The Eiffel Tower

It is an epitome for an age, an epitome for the city of Paris, and the whole of France. The structure of such allegorical magnitude, imprinted so deeply into the human society, is truly hard to find. Envisioned as a monument to the technological progress of the time, the centerpiece of the 1889 World‘s Fair, at its 986ft height, it stood the tallest structure in the world until the Empire State building was built. Complex space truss, made of 18000 pieces of puddled iron has such immense scale that it becomes a steel lace, spanning over the colossal frame.

The way it had overshadowed the city was fiercely criticized by the cultural elite of the time of its building, and yet, half a century later, the images of the city were unimaginable without it. The artist community that has first opposed the installment of the tower was the one to later turn it into a symbol. At the time, it was also seen a triumph of engineering over architecture as the gap between the two had been widened.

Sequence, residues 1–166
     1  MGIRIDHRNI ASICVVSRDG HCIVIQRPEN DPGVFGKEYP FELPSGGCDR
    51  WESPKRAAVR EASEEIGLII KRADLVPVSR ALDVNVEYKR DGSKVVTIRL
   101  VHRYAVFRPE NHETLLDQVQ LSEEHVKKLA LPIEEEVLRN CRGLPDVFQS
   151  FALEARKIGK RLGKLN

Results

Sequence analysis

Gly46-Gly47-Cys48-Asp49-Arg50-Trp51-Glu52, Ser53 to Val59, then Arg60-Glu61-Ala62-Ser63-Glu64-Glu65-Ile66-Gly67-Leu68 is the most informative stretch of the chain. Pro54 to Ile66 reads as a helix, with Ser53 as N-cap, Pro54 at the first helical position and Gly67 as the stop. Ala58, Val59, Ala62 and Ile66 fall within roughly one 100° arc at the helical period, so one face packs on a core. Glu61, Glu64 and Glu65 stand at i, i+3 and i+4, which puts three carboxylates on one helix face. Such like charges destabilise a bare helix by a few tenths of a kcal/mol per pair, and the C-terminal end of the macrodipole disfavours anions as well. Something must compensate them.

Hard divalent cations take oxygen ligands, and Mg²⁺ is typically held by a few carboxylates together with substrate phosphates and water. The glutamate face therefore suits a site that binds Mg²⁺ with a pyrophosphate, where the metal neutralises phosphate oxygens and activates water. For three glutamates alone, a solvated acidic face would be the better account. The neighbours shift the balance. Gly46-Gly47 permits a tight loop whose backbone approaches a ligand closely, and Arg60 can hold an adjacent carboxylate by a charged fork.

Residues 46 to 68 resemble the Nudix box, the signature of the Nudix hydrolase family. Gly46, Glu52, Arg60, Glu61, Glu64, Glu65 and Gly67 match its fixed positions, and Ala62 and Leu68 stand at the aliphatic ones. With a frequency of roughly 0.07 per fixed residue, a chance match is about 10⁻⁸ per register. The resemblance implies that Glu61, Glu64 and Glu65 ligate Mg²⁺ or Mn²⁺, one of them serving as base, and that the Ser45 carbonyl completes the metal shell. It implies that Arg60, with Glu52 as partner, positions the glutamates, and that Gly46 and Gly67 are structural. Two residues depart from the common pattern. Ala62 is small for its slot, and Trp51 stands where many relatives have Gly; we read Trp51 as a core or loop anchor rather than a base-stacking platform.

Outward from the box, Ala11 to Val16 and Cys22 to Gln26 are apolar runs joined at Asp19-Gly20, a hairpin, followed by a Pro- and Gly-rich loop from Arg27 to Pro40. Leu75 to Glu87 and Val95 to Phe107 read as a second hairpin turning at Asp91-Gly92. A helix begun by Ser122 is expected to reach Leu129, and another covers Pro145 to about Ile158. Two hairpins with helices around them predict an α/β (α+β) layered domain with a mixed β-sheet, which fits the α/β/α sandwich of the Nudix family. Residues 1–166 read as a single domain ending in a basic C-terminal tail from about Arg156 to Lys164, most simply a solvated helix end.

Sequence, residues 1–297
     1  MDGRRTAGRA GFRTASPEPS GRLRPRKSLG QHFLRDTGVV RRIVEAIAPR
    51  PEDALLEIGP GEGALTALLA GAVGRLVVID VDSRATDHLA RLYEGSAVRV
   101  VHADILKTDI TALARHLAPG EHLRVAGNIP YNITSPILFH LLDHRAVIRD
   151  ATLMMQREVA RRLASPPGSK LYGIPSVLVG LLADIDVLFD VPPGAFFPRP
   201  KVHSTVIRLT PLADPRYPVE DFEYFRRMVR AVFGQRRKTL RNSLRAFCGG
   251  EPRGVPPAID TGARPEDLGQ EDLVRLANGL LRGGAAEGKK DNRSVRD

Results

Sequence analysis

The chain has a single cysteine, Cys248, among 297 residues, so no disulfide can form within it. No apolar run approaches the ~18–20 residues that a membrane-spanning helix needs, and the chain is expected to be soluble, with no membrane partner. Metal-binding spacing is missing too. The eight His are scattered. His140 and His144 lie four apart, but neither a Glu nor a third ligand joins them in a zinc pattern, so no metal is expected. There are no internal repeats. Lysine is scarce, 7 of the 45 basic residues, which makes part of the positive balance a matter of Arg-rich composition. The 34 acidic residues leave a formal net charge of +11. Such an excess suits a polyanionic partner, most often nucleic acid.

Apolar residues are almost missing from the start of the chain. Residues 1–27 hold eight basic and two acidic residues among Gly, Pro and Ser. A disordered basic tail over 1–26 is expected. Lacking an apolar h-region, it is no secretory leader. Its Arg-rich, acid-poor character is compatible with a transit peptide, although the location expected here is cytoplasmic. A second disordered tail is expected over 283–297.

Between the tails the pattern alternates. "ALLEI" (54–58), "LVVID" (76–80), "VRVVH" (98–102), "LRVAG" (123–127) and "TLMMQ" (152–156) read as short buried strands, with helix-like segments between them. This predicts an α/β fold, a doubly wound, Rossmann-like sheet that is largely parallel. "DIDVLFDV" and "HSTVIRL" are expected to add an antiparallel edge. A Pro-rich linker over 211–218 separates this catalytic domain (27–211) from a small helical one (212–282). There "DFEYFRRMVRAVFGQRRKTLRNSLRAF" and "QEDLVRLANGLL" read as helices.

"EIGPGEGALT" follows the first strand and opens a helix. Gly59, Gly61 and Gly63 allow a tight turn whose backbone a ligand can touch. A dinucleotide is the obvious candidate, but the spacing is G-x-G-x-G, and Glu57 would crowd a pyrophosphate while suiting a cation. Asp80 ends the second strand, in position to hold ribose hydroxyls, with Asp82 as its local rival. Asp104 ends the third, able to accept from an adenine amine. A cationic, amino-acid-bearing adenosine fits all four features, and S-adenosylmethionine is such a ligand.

Today, the inevitable spike of the Paris skyline contour, the structure visited by millions, mentioned by thousands of musicians, writers, seen in hundreds of movies, proves that visionary endeavors of architecture or engineering can make permanent, profound impact on the culture, beyond borders and generations.

 

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